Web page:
The maths is simple. Because charities are going to collectively lose about £4bn during the current coronavirus pandemic, they are going to have to do a lot more asking for donations to make up the shortfall.
People are ready and willing to help, as Bluefrog’s latest focus group research shows, but they need someone to ask them for that help. That’s how it is with charitable donations in normal times; that’s how it will be during this, and other, emergencies. The adage remains true: if you don’t ask, you don’t get.
And yet many, if not most, of fundraising’s most acute ethical challenges occur at the asking phase, often when fundraisers’ need to ask (to secure the resources to provide help to their beneficiaries) comes into conflict with the wishes of donors or the public to be asked in different ways, at different times, less often or just not at all.
Because “doing what is right for the donor” is the fundraising profession’s default ethical assumption, it can often appear that any fundraising that upsets donors is therefore unethical. That doesn’t mean that it actually is unethical; only that there is a widespread perception that it is.
So just by doing more asking we run the risk of encountering more allegations of unethical practice. This is exacerbated by the idea that because the public (who are our donors) are enduring such hardship, fundraisers should lay off them a bit, and it’s unethical to ask people to give to charity when they are at risk of dying from a contagious disease. These are charges that have been levelled – by other fundraisers – at legacy fundraising.
There have been other concerns that fundraising for “non-essential” causes – those that do not directly seek to respond to or alleviate the effects of the pandemic – could be seen as unethical.
It’s appropriate to consider these challenges; it’s something a mature profession should do. But how do you respond when your comms team is advising you to stop fundraising because “some people might object”?
As the US fundraiser Cherian Koshy has articulated, many of the calls for action in response to the pandemic elevate the short-term emergency over solutions to long-term problems and challenges. Many arguments for not doing fundraising during the pandemic similarly prioritise short-term need over long-term solutions.
So as well as striking a balancing between what donors want and what beneficiaries need, which is one way to resolve day-to-day ethical dilemmas in fundraising, we also need to consider a version of that equation that considers what donors and the public want now, and what all stakeholders – including donors and beneficiaries – will want and need in the future.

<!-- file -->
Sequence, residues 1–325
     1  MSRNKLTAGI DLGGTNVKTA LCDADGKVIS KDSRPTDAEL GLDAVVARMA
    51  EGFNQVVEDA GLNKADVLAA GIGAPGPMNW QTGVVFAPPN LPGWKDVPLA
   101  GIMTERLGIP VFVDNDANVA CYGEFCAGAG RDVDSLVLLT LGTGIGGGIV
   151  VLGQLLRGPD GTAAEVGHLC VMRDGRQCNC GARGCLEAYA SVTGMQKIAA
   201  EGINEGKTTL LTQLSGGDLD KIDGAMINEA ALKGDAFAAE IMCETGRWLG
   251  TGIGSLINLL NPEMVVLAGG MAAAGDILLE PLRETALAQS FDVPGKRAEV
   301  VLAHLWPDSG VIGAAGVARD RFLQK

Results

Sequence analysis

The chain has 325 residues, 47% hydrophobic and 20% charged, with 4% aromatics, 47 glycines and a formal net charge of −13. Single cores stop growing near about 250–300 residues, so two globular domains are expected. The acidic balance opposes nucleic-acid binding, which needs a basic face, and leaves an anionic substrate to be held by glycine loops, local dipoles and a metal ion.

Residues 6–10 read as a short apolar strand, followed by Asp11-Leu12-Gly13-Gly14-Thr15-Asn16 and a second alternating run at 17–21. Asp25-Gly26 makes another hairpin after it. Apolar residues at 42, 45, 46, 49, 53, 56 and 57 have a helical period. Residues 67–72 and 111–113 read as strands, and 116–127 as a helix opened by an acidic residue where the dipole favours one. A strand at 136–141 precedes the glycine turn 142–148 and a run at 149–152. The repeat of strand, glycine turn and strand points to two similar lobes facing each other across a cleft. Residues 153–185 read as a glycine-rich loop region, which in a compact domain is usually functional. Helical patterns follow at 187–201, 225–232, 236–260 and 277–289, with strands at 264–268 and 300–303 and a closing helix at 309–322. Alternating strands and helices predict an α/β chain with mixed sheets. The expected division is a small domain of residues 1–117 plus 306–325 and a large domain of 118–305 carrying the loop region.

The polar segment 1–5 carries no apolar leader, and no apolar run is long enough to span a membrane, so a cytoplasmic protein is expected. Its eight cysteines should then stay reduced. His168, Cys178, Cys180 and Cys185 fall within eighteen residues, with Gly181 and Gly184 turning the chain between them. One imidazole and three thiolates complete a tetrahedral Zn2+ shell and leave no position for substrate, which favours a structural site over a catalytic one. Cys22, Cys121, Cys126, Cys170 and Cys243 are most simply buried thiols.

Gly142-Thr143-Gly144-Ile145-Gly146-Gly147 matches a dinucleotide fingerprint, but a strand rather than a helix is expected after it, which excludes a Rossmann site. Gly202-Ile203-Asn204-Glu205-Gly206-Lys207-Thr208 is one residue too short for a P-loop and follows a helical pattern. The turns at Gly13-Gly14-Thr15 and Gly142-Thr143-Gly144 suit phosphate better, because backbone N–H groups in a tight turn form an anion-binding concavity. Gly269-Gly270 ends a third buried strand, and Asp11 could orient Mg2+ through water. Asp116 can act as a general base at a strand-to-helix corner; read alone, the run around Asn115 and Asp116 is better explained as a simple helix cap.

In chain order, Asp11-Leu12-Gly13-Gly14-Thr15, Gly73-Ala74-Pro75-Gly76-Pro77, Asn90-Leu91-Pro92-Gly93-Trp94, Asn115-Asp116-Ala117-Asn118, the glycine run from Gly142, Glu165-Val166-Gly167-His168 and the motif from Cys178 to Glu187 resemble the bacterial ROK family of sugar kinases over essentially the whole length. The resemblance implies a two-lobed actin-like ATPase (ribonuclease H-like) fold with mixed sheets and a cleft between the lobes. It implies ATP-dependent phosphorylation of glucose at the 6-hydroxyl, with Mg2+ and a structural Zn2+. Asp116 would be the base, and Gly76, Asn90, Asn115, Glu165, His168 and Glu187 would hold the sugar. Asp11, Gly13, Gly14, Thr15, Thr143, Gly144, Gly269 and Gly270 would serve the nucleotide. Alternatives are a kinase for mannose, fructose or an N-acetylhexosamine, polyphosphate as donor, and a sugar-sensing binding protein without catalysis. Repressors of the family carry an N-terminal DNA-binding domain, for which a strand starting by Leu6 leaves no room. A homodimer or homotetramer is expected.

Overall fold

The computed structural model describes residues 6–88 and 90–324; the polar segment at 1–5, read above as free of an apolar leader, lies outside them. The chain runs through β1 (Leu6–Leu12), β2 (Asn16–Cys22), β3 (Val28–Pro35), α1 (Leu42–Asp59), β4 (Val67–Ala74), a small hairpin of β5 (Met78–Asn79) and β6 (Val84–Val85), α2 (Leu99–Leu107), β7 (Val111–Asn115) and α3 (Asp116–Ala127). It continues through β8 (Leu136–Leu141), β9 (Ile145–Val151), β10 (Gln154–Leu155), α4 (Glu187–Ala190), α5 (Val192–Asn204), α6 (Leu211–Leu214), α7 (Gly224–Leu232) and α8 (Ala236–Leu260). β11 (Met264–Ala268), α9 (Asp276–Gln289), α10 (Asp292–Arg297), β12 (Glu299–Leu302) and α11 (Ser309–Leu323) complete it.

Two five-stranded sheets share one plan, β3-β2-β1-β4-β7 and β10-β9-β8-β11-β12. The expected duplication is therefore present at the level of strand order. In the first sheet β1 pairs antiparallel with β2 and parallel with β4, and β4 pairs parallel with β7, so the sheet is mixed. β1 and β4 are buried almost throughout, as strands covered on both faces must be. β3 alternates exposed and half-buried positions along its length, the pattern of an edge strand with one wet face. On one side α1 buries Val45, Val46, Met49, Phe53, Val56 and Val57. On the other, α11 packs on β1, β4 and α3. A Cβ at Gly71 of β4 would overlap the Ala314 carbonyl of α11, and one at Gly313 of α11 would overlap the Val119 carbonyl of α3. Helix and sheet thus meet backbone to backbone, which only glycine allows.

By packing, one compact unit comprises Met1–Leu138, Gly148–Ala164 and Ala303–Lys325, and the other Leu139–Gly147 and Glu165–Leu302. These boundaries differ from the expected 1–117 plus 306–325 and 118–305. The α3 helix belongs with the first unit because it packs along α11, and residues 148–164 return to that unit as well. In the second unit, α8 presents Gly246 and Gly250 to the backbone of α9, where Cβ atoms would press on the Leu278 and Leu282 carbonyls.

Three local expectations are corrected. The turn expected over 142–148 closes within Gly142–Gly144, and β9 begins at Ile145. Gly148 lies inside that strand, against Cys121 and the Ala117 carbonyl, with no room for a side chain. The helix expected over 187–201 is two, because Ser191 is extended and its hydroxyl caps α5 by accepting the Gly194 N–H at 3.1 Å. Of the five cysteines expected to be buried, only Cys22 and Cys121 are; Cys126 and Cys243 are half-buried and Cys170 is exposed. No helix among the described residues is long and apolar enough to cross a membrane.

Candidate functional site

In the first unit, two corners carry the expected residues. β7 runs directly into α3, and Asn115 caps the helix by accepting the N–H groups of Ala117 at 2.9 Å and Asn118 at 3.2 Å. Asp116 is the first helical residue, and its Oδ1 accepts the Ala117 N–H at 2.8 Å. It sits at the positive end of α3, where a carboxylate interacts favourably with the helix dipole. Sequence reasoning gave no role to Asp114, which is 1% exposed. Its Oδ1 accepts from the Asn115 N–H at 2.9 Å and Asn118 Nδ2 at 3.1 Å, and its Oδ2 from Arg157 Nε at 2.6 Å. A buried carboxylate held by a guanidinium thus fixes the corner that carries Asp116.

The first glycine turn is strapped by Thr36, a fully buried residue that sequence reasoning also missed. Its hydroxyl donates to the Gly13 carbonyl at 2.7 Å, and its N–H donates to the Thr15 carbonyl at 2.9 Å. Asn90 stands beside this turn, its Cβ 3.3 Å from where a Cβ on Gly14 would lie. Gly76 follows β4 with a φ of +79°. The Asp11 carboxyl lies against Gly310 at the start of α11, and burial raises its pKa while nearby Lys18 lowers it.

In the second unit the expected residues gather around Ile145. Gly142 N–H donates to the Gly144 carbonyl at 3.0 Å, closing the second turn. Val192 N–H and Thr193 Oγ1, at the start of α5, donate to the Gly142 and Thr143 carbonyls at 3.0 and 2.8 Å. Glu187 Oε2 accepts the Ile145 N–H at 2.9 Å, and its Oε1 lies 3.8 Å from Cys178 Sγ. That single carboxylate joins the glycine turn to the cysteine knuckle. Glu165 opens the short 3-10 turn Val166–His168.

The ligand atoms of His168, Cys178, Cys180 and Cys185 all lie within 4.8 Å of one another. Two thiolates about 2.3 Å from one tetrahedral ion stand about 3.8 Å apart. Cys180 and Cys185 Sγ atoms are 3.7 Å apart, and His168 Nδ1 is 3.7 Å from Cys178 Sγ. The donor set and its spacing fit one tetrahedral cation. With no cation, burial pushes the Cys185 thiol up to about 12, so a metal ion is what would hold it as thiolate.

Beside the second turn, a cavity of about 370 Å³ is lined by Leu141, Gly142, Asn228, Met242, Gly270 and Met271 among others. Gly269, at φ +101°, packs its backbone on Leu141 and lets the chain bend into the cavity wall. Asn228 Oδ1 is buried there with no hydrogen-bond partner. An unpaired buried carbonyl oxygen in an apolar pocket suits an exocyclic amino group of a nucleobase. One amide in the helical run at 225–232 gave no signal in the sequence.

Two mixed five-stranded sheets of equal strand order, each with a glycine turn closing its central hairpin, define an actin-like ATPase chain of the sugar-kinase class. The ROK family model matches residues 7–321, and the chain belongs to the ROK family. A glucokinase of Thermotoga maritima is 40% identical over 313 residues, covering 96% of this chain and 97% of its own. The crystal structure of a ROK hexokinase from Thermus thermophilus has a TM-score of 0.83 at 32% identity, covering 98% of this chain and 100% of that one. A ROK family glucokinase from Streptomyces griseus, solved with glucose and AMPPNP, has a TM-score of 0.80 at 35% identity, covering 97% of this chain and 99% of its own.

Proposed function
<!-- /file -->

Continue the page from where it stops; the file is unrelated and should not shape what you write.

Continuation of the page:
Because when we get through this pandemic, we’ll need and want to benefit from arts and heritage institutions. We’ll want a better environment. We’ll want to make sure the welfare of animals is protected. Causes such as these might not be essential or vital to the current pandemic. But that does not mean they are not important.
And if we agree that these causes are important and that animal welfare should be protected (this is just as important to all non-human animals now, as it will be once the emergency facing humans has passed), and that we want to visit museums and appreciate art, then these causes need to be funded. Which means charities need to carry on fundraising for them and should not be diverted by arguments claiming that people might object to that because life now is tough.
Sure, such arguments and public perceptions are things to be factored into risk assessments and wise NGOs will consider how best to respond to such allegations, should they ever arise. But in and of themselves they are not knock-back, irrefutable arguments to stop fundraising.
All the evidence and advice from previous recessions and economic downturns has been that charities should continue to ask for support and that, even if giving falls during economic hardship, it will quickly pick up once it is over. In previous downturns, those charities that continued to fundraise through them were in much better shape to take advantage of the resurgence of charitable giving than those that had scaled back their fundraising, a good reason not to furlough large swathes of fundraisers.
So keep calm and carry on fundraising.
Ian MacQuillin is director of the think tank Rogare